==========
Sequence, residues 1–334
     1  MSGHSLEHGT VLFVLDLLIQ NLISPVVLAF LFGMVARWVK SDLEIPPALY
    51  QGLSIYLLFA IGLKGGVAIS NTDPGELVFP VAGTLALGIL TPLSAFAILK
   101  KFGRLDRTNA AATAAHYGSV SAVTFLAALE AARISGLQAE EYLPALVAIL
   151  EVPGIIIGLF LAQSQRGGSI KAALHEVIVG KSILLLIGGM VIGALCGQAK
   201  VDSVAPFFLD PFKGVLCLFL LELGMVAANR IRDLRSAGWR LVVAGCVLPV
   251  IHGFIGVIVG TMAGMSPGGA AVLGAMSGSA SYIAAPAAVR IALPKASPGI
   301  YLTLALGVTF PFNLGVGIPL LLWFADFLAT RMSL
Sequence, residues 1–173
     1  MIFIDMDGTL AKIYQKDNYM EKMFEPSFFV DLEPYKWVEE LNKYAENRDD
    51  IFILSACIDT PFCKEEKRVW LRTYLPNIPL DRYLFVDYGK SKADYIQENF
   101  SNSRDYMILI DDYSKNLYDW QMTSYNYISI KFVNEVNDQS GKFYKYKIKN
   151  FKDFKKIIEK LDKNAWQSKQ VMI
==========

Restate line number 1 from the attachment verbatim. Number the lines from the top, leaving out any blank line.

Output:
Sequence, residues 1–334